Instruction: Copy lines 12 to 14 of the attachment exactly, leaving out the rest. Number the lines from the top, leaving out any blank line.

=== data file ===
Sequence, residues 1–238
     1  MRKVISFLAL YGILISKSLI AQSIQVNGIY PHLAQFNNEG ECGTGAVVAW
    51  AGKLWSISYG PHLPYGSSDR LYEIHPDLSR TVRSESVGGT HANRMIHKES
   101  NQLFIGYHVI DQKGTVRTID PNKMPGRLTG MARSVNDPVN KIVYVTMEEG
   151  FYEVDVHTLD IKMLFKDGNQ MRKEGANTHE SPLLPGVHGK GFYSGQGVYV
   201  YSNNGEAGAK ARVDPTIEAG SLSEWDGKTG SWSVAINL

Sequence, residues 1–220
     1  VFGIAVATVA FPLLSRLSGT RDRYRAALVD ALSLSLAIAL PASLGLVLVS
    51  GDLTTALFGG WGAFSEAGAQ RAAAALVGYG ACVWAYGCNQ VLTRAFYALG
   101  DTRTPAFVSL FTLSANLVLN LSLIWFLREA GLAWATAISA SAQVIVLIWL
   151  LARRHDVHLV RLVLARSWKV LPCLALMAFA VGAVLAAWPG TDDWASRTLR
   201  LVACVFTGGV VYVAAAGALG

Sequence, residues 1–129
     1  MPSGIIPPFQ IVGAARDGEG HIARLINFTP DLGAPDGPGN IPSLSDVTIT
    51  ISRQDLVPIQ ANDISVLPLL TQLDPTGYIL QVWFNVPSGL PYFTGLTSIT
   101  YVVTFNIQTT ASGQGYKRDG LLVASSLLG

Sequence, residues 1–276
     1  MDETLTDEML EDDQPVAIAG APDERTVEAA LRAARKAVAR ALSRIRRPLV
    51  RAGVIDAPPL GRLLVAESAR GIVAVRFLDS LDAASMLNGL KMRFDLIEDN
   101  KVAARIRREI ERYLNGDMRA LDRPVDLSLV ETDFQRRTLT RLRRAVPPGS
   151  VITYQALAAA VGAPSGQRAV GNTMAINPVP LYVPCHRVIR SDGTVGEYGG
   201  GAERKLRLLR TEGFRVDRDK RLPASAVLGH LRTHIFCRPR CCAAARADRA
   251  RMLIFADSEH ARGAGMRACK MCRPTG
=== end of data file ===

   201  LVACVFTGGV VYVAAAGALG

Sequence, residues 1–129
     1  MPSGIIPPFQ IVGAARDGEG HIARLINFTP DLGAPDGPGN IPSLSDVTIT